North Atlantic Volcanic Threat



Key Points
  • One of Iceland’s volcanoes (10nm southwest of BIKF/Keflavik) is showing signs it’s about to erupt.
  • If it does, NAT crossing traffic is likely to be affected at short notice.
  • ICAO have a Contingency Plan ready to go if it does erupt (PDF below).
  • Pilots and Operators: There is a list of things to watch out for if you do fly through volcanic ash, and a recommended procedure to follow.

Iceland is on high alert for an imminent eruption at one of the volcanoes on the Reykjanes Peninsula – a stone’s throw southwest of Keflavik. If it does erupt, it has potential to seriously impact North Atlantic traffic.

The last time this happened in 2010, the (try pronouncing this one) Eyjafjallajökull volcano closed almost every country’s airspace in Western Europe in the weeks that followed. Nearly 100,000 commercial flights were grounded.

One of the few flights not to be impacted by the volcanic ash in 2010.

Where are we talking about?

What happens if it erupts?

So far, it’s just a warning. But it’s credible enough for Iceland to declare a state of emergency. Recent earthquakes in the area are an ominous sign. If it does erupt, there are several possible scenarios that could affect air traffic.

  • BIKF/Keflavik may close. Unlike previous eruptions, this one is just 10nm away from the airport and a little further from the Icelandic capital, Reykjavik. Aside from being a major airport in its own right, BIKF is a commonly used ETOPS/EDTO alternate for traffic crossing the NAT.
  • Part of the NAT HLA may become unusable depending on the spread of ash. More southerly routes than usual may become a requirement which means extended flight times and more fuel.
  • Major airspace closures could occur for an extended period of time.  The European mainland may once again be in the firing line, thanks to the mid-latitude westerlies.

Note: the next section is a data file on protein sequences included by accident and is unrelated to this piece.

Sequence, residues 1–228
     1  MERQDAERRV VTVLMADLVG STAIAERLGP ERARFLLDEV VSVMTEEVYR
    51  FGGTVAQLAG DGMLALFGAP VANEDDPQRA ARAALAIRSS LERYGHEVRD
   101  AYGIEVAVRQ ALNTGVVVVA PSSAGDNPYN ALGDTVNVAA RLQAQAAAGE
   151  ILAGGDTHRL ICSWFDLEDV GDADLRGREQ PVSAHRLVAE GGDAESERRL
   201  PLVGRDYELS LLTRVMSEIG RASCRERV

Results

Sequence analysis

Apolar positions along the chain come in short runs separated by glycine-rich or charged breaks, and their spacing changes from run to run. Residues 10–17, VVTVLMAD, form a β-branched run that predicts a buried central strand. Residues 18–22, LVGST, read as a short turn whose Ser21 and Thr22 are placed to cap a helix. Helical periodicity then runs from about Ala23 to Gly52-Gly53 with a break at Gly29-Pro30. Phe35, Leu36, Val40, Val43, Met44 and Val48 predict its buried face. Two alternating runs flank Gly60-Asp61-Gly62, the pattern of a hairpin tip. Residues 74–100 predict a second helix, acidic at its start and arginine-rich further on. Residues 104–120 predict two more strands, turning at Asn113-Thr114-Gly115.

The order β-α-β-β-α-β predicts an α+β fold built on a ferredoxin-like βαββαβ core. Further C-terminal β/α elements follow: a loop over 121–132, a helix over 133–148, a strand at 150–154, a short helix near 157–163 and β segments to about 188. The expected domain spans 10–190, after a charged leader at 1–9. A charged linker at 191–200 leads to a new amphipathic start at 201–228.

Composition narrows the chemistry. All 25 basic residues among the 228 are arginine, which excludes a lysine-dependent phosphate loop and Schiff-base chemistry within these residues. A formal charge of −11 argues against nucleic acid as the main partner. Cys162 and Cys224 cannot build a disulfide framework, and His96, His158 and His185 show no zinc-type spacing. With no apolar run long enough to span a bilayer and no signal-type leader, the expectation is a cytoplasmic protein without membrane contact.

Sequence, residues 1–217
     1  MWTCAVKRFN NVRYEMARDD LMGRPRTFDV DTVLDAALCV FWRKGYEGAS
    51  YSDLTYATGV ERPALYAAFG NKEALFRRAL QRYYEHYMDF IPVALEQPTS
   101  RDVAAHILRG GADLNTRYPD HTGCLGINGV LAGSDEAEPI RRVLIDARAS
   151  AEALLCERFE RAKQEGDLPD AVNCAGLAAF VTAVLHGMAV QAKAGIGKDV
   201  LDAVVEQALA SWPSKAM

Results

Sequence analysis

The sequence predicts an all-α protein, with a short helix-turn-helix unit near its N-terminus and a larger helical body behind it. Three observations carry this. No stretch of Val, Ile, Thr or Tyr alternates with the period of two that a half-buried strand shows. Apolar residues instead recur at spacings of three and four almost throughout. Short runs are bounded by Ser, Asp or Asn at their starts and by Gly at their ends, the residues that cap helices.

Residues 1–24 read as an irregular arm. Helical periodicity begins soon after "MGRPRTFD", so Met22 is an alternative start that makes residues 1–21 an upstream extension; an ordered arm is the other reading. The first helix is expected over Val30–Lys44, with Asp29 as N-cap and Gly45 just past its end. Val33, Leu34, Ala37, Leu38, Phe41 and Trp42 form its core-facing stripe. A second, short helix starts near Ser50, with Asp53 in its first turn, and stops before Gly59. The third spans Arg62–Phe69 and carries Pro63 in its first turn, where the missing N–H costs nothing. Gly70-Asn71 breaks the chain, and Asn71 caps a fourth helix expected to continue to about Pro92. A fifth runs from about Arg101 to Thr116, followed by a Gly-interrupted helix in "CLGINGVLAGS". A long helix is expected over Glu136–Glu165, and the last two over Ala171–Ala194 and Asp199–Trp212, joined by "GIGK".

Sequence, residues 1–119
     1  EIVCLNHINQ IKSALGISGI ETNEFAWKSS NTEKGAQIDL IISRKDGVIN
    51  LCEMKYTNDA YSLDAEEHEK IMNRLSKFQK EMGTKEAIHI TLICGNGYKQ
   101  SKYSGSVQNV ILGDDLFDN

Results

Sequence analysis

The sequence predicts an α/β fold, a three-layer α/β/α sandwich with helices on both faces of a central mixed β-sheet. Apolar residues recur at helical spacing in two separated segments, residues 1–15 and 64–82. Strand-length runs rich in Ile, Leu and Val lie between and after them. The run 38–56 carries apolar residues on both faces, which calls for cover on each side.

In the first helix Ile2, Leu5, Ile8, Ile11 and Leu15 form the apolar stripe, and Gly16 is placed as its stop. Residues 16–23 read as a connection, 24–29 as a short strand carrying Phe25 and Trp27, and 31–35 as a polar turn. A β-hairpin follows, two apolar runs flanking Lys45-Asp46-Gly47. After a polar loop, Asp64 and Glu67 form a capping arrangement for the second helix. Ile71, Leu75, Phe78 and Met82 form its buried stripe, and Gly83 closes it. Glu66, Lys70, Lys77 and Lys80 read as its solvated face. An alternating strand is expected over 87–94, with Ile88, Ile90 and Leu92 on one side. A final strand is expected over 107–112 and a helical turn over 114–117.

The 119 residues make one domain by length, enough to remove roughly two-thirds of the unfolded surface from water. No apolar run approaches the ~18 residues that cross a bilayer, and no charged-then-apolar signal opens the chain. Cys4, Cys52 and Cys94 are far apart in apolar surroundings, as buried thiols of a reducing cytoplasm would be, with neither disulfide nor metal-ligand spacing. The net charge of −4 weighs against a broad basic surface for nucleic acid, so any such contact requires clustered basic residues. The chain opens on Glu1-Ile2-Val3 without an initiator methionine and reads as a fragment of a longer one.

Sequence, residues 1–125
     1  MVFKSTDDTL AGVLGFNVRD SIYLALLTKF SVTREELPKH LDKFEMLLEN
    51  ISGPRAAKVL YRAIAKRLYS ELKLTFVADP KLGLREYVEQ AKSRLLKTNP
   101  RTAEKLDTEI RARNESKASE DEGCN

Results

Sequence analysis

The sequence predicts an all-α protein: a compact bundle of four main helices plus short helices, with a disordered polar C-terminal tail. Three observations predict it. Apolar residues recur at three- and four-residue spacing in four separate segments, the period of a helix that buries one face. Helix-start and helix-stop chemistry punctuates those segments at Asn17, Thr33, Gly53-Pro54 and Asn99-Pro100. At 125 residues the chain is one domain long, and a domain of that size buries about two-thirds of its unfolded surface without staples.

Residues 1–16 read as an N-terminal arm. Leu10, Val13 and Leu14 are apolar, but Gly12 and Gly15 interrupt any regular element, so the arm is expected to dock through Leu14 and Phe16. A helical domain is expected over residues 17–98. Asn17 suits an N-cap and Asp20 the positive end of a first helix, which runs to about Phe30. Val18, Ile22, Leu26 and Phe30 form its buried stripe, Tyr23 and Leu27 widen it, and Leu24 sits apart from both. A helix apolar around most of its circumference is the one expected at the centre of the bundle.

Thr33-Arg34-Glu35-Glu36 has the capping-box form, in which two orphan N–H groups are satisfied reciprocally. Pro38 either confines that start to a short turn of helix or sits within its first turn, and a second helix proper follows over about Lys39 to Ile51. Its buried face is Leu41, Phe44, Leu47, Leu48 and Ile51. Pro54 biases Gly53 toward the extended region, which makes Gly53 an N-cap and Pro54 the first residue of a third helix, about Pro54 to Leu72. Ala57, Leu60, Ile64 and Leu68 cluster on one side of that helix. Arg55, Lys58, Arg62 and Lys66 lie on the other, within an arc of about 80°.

Yeah but what ACTUALLY happens?

If the volcano warning goes to code RED (it’s currently code ORANGE), that basically means an eruption has started. In this case, the airspace within a 120nm radius will close, until they confirm there’s no ash cloud. They currently think there is a 15km long line where magma is flowing and moving towards the surface – an eruption could happen anywhere close to that line.

120nm of closed airspace around BIKF/Keflavik airport (remember, the volcano is just up the road) would look something like this:

There’s also a thing called the Volcanic Ash Contingency Plan that ICAO put together. This doc is the one you want to read – there are a few more scattered around online, but they’re all older versions of this one.

Where was ICAO when the Westfold fell?

This doc sprang from the misery caused by the eruption in 2010, and aims to set out what actually happens if a big volcano erupts.

Essentially, it goes like this:

  1. Volcano erupts. There’s ash all over the place.
  2. Volcanic ash people issue a volcanic ash warning.
  3. Notam people issue a Notam.
  4. Pilots/Operators read the Notam and don’t fly into the ash. ATC help them.

All volcano walking tours are cancelled.

What should I do if I fly through ash?

Don’t fly through ash.

But if you do, then do this:

  1. Reduce thrust.
  2. Do a 180 degree turnback.